Black and white photograph of faculty of the State School, c.1885.

Faculty group at Owatonna State School

Faculty of the State School, c.1885.

Color drawing of the State Public School in Owatonna, c.1906.

State public school, Owatonna

The State Public School in Owatonna, c.1906.

Minnesota State Public School for Dependent and Neglected Children

The Minnesota State Public School for Dependent and Neglected Children operated from 1886 to 1947. The campus is one of the most intact examples of a state cottage school standing in the United States, and is significant on a national level.

Charity-ball announcement featuring the proposed new facility for the Crispus Attucks home. The Appeal, November 11, 1911.

Do you wish to help build this?

Charity-ball announcement featuring the proposed new facility for the Crispus Attucks home. St. Paul Appeal, November 11, 1911.

Black and white photograph of Crispus Attucks moves to 1537 Randolph Avenue in Highland Park, 1908.

Crispus Attucks moves to 1537 Randolph Avenue in Highland Park

Crispus Attucks moves to 1537 Randolph Avenue in Highland Park, 1908.

Black and white photograph taken in of the Crispus Attucks Orphanage and Old Folks Home at 469 Collins Street in St. Paul, 1962.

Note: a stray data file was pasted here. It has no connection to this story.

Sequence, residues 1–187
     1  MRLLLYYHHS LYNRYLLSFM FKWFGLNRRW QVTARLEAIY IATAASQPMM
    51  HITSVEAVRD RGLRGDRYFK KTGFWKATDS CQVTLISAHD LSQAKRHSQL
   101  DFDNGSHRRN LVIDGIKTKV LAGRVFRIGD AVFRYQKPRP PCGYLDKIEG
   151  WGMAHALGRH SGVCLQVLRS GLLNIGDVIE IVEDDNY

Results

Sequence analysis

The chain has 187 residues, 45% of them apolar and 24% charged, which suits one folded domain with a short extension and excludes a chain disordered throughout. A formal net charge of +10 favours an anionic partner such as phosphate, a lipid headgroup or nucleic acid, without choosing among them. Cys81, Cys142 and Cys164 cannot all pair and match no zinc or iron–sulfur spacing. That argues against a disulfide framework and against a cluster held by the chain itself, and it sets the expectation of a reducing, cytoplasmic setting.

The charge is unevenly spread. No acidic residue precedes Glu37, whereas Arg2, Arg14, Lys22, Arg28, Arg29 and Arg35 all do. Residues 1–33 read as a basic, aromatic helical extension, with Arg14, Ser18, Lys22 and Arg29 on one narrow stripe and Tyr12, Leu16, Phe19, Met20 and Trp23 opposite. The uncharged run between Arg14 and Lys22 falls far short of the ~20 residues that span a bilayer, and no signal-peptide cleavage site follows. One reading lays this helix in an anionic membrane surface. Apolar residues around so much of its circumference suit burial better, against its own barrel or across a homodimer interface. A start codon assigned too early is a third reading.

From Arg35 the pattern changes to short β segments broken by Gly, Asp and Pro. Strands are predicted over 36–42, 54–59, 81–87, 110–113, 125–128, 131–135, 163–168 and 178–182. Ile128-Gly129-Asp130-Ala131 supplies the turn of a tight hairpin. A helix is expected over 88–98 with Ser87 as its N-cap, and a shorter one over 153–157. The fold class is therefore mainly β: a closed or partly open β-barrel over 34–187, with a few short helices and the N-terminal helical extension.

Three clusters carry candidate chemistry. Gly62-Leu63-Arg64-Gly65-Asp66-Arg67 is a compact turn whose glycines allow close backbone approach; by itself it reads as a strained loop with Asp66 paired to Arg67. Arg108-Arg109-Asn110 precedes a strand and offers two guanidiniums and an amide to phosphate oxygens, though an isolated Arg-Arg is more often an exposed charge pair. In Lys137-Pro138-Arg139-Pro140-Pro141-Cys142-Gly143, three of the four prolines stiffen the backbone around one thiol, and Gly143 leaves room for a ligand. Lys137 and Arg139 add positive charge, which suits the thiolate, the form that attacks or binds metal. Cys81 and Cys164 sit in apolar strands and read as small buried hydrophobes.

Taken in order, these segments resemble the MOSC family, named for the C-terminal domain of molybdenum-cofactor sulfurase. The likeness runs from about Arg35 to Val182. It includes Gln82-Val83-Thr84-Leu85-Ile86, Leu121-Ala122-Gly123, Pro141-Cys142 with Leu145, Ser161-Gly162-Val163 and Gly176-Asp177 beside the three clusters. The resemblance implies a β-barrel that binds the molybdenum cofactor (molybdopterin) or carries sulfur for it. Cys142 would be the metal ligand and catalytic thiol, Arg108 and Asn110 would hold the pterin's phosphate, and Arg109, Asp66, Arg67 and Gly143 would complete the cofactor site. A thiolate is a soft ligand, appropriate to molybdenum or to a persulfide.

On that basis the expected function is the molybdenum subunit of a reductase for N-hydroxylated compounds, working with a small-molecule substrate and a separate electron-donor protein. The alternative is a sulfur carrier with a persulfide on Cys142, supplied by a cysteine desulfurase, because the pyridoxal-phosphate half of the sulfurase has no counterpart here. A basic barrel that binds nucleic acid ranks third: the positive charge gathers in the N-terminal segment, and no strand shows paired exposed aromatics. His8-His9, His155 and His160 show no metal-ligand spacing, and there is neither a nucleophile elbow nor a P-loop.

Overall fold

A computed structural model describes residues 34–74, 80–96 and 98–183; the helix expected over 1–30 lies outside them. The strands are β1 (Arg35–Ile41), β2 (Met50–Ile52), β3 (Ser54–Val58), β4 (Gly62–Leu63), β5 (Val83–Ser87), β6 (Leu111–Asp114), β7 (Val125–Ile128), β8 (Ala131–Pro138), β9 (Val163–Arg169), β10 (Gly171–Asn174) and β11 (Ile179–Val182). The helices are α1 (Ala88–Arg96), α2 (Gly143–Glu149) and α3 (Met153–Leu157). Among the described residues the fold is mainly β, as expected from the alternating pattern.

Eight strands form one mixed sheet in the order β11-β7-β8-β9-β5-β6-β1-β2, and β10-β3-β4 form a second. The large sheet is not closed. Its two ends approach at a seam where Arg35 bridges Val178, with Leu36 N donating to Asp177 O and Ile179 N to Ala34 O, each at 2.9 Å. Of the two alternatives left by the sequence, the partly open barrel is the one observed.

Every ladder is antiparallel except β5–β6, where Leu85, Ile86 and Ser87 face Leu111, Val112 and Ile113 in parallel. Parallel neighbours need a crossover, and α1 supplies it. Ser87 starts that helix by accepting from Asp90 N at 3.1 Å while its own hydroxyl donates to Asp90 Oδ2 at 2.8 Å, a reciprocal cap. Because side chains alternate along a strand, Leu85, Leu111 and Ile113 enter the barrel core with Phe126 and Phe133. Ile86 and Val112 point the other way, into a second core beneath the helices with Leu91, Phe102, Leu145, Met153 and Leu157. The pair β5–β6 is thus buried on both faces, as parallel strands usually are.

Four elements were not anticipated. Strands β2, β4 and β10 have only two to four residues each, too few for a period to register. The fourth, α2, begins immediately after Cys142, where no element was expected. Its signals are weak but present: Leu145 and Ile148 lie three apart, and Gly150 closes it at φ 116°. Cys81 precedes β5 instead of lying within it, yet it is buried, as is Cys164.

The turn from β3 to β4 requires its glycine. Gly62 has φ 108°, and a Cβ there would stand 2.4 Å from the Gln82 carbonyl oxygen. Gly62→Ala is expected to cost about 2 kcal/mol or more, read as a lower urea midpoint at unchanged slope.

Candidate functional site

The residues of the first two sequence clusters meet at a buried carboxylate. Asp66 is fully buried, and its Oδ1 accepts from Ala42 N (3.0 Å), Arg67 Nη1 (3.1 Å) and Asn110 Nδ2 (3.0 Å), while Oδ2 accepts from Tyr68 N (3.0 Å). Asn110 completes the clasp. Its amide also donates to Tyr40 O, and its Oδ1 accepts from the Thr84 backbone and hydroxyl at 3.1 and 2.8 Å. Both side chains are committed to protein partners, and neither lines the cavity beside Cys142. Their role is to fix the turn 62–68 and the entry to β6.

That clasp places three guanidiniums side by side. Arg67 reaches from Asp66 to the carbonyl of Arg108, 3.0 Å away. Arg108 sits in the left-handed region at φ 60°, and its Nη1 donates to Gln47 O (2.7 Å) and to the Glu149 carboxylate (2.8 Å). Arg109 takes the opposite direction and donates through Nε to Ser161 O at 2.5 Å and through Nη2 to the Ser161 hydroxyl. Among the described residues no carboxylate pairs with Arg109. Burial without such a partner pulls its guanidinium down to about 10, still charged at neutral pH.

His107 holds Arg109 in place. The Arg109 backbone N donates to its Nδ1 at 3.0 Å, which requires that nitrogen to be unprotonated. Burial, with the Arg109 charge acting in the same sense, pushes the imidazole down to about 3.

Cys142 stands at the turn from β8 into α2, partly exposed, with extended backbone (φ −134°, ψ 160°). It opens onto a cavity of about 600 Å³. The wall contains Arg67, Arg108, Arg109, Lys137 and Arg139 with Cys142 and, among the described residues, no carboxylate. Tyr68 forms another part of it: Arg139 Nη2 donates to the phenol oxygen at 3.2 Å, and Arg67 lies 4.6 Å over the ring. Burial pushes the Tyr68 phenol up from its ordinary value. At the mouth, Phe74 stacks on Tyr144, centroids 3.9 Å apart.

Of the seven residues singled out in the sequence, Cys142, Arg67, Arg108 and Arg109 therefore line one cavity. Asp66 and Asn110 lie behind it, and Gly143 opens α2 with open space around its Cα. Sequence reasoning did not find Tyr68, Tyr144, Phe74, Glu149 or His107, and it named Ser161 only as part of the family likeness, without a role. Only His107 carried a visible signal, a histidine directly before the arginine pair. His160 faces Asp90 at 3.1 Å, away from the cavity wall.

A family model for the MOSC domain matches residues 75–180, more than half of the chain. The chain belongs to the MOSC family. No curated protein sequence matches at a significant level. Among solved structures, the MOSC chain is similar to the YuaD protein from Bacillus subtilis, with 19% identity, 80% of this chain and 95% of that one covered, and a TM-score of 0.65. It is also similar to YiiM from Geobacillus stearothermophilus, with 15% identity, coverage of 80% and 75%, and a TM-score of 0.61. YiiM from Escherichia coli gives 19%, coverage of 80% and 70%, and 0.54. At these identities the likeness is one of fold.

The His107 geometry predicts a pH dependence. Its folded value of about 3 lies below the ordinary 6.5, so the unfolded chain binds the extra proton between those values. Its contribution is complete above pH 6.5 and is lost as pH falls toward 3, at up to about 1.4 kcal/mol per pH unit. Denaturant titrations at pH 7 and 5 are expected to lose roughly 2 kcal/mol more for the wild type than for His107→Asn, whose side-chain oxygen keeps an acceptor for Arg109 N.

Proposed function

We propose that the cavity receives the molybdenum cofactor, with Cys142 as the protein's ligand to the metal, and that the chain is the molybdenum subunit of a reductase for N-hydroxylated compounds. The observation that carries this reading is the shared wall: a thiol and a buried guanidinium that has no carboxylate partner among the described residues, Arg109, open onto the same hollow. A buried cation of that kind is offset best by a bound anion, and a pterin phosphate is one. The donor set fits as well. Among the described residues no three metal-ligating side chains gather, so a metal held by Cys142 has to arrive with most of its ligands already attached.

Crispus Attucks Home for the Aged (formerly Home for the Friendless), 469 Collins, St. Paul

Photograph taken in of the Crispus Attucks Orphanage and Old Folks Home at 469 Collins Street in St. Paul, 1962.

Black and white photograph of the Crispus Attucks Orphanage and Old Folks Home at 1537 Randolph Avenue in St. Paul, c.1910.

Crispus Attucks Orphanage and Old Folks Home, Randolph and Brimhall Streets, St. Paul

Photograph of the Crispus Attucks Orphanage and Old Folks Home at 1537 Randolph Avenue in St. Paul, c.1910.

Black and white photograph of the Crispus Attucks Orphanage and Old Folks Home at its original location on East Acker Street in St. Paul, c.1905.

Crispus Attucks Orphanage and Old Folks Home

Photograph of the Crispus Attucks Orphanage and Old Folks Home at its original location on East Acker Street in St. Paul, c.1905.

Crispus Attucks Home, St. Paul

In 1910 there were over sixty orphanages and homes for the aged operated by and for African Americans in the United States. Minnesota had one of them: St. Paul's Crispus Attucks Home. The home was named for the African American patriot killed in the Boston Massacre of 1770. It served the community for six decades, beginning in 1906 during the Jim Crow era and ending in 1966 at the peak of the civil rights movement.

MN90: Opening the Era of Open Heart Surgery

For most of history, the human heart was off limits to medicine. The first closed heart surgery began in the 1940’s. In the 1950’s, a pair of physicians who worked in mobile surgical units of World War II discovered that open heart surgery could be an option.

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